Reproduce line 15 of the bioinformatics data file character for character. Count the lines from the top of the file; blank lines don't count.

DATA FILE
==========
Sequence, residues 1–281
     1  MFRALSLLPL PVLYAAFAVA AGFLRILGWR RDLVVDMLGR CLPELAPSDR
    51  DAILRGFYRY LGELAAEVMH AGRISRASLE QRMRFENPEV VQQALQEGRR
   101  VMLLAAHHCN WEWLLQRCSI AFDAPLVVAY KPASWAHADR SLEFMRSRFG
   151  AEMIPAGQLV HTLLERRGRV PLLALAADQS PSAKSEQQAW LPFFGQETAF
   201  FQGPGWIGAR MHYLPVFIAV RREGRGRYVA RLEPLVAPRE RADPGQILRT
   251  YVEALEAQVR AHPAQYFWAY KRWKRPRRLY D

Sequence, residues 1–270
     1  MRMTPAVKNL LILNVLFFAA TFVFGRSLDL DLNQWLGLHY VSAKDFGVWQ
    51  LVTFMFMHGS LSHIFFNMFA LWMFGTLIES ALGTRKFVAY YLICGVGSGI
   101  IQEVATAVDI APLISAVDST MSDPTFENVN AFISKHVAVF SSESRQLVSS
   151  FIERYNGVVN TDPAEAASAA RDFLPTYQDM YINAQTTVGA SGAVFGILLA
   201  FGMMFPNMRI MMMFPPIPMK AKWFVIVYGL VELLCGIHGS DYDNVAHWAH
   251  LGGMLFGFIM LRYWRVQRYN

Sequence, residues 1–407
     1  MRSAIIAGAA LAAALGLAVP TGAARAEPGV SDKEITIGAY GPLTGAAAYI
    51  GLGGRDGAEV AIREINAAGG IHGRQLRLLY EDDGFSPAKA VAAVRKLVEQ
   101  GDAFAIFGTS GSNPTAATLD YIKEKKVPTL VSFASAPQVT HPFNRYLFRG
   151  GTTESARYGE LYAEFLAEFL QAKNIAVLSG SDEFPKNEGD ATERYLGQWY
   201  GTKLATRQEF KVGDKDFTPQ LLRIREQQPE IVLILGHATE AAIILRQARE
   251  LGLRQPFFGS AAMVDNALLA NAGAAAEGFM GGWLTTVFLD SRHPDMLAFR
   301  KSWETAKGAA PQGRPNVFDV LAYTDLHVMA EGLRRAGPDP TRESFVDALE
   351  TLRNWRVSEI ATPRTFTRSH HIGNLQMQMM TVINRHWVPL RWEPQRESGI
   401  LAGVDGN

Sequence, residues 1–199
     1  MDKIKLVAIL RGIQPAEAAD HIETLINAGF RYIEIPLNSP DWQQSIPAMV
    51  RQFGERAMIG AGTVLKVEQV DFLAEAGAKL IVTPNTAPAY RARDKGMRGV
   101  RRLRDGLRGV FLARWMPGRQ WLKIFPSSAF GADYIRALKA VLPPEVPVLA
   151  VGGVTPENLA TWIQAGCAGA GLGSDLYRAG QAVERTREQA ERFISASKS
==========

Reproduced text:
Sequence, residues 1–407